Drought: Implications for near-term management decisions in field crops
The recent trend in higher than normal temperatures paired with lower than normal precipitation puts Michigan field crops at risk.
Below are some considerations raised by Michigan State University Extension educators and specialists that growers may want to consider implementing if drought conditions continue or intensify.
Prevent fires during wheat harvest
Manage potato leafhoppers in alfalfa and dry beans
Watch for spider mites in soybeans
Scout irrigated fields for western bean cutworms
Fungicides: To spray or not to spray?
Most foliar diseases are favored by rainy or humid weather conditions. We have seen very little foliar diseases in corn or soybeans with the warm and dry conditions that we have been experiencing. The greatest chance of returning a profit on a fungicide application occurs when conditions favoring disease are present and when disease develops. The decision to spray should be based on the presence of disease risk factors, such as the susceptibility of a hybrid or variety, previous crop, field history and weather.
In general, a susceptible corn hybrid or soybean variety is more likely to have a greater response to a foliar fungicide than a resistant hybrid or variety. Cropping history will have influence on disease as many foliar pathogens survive on residue, i.e., corn after corn or soybeans after soybeans promote disease. The disease history of a field should also be taken into account; fields with a disease history should be monitored carefully so that the best decision can be made. And, finally, the weather; the hot and dry conditions that we have been experiencing so far have not been favorable for most foliar diseases. If you do decide to spray, consider leaving replicated, non-treated test strips in the field to determine if you are getting a benefit.
Harvest alfalfa early or not at all
Get to the root of soybean problems
Drought symptoms usually occur in localized areas within fields and the severity of the symptoms also varies between the affected areas. There are two conditions that explain the spotty occurrence and severity of drought symptoms:
- Variations in the capacity of the soils to hold water.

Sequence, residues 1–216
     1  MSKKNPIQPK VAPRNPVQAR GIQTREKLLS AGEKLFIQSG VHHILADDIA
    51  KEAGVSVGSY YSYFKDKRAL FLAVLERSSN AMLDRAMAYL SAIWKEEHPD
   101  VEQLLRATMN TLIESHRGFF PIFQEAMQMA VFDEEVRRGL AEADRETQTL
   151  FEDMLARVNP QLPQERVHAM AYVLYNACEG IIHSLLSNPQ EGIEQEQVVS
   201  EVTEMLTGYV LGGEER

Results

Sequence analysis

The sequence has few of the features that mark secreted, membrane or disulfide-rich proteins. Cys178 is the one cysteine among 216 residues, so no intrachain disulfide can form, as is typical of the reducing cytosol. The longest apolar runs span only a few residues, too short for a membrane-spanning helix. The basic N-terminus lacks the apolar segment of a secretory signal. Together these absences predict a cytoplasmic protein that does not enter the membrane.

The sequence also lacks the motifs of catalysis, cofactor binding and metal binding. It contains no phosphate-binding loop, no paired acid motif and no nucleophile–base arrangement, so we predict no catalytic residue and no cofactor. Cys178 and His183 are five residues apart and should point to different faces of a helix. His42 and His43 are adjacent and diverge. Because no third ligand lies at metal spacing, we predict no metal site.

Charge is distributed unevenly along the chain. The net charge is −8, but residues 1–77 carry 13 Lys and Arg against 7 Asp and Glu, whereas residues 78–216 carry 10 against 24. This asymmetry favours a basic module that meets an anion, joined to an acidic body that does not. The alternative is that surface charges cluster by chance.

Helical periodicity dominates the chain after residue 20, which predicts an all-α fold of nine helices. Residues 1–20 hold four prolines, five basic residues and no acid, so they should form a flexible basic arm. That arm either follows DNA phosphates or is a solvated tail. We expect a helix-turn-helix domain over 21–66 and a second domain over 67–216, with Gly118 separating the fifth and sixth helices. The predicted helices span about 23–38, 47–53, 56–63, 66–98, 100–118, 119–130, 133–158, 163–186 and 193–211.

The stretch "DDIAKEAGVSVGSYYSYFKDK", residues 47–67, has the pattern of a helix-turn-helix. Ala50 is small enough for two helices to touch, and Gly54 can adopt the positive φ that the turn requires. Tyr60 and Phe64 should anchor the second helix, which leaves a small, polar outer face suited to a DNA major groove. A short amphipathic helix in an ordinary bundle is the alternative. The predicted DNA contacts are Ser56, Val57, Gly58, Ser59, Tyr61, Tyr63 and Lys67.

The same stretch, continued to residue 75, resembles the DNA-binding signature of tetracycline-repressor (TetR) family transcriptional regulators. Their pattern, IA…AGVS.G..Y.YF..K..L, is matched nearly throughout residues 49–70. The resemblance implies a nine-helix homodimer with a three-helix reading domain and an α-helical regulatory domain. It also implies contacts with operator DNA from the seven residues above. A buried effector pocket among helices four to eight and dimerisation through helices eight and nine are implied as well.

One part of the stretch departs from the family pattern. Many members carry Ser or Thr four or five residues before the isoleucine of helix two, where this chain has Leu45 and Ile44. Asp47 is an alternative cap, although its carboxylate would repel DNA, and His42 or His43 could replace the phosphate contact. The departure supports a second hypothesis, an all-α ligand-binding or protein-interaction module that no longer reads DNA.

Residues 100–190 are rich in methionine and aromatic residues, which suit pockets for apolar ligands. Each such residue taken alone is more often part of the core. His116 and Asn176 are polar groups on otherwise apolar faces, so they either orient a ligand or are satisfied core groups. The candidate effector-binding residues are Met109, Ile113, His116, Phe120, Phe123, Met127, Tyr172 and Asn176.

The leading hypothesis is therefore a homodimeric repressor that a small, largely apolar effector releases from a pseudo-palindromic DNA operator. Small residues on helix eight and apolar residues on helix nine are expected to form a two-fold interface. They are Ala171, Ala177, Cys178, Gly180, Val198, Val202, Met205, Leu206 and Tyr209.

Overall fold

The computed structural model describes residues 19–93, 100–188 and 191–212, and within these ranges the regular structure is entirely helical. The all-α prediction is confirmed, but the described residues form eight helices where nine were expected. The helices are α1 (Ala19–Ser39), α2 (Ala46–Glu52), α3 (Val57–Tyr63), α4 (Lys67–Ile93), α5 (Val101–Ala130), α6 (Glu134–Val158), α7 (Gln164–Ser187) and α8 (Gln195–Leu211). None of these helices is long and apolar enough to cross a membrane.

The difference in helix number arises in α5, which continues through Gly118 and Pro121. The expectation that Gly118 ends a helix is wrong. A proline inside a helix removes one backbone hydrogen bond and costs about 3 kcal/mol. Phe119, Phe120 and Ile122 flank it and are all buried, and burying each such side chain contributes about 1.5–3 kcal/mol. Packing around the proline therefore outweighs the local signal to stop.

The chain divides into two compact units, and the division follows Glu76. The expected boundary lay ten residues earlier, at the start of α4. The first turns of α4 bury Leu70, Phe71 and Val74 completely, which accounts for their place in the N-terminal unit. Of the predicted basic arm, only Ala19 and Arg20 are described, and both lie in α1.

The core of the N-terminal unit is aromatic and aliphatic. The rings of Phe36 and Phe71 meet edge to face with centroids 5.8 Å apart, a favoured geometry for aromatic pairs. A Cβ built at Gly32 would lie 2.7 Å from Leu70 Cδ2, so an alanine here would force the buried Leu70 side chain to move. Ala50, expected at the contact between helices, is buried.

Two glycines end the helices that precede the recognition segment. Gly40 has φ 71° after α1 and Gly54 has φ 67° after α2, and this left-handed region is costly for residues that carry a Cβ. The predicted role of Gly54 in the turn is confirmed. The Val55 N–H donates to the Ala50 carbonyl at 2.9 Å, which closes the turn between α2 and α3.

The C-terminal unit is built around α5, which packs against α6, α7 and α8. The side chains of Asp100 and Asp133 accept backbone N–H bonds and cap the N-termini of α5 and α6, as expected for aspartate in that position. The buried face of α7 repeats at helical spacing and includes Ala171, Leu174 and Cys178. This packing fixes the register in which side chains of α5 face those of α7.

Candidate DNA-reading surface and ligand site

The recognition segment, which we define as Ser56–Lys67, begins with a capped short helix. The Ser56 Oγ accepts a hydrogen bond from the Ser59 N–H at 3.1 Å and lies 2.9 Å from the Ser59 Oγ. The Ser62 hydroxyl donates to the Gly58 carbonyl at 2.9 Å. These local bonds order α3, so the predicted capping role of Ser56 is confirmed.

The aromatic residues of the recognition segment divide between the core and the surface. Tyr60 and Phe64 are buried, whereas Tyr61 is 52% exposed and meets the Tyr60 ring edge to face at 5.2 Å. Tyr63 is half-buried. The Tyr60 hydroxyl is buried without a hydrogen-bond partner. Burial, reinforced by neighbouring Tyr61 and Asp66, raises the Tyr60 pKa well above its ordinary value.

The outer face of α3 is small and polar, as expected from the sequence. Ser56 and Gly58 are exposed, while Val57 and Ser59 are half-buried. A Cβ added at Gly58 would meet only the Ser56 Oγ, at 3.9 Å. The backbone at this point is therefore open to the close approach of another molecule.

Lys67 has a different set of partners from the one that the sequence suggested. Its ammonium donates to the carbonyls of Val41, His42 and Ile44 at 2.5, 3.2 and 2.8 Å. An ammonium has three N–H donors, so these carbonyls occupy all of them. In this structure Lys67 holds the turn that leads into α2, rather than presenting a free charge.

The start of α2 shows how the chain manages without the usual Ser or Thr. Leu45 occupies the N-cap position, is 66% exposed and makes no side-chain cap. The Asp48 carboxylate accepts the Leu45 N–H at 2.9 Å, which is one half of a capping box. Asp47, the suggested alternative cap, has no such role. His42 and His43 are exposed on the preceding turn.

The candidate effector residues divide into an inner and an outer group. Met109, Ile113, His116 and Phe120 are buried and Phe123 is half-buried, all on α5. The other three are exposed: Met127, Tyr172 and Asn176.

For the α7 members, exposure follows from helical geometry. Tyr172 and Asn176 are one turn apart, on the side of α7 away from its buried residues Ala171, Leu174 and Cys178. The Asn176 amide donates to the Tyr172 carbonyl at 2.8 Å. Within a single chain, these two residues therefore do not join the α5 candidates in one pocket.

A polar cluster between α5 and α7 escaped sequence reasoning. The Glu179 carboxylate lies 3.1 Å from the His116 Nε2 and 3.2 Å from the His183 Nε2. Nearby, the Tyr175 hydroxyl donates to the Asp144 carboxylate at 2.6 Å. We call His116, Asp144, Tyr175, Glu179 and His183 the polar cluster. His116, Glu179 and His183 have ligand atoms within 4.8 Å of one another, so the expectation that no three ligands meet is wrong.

- Variations in the plant’s ability to utilize the available water.
When is supplemental nitrogen recommended for soybeans?
Numerous university research trials have shown that nitrogen fertilizer applications to soybeans are not profitable. This is because soybeans are able to obtain up to 75 percent of their nitrogen from bacterial colonies (nodules) living on their roots. However, if the nodules are not present in sufficient numbers, a supplemental nitrogen fertilizer application will produce an economic return.
Forego foliar feeding until moisture returns
Drought stress much earlier in the growing season than what is typically expected for Michigan may have resulted in stunted plants with compromised root systems and, therefore, growers are considering foliar fertilizer applications. Regardless of application method, nutrient uptake, availability and transport are severely limited without sufficient water. Under high temperature stress and dry soil conditions, plants attempt to conserve water by closing stomata, which are microscopic pores or holes in the leaf and stem surfaces of plants used for gas exchange. Water soluble fertilizers applied as foliar sprays are intended to be applied to the leaf surface with nutrient uptake occurring through these open leaf stomata. Under the hot, dry weather conditions that much of Michigan is encountering, foliar nutrient applications will be mostly ineffective as plants close their stomata to conserve what little moisture may still be available.
Controlling tough weeds in tough conditions
In dry conditions, weeds tend to “harden off,” making herbicide absorption by weeds more difficult. This can make weed control much more challenging, especially with herbicides like glyphosate. To control some of these tougher to control weeds in Roundup Ready crops, increasing the rate of glyphosate to 1.13 or 1.5 lb a.e./A and including ammonium sulfate (AMS) at a rate of 17 pounds of AMS per 100 gallons can improve weed control successes. If using other herbicides that tend to cause herbicide injury (e.g., Cobra, Cadet, Raptor, etc.), consider spraying in parts of the day when temperatures are cooler to decrease chances of extreme herbicide injury.
Stay hydrated and know the signs of heat stroke
- MSU Extension’s Drought Resources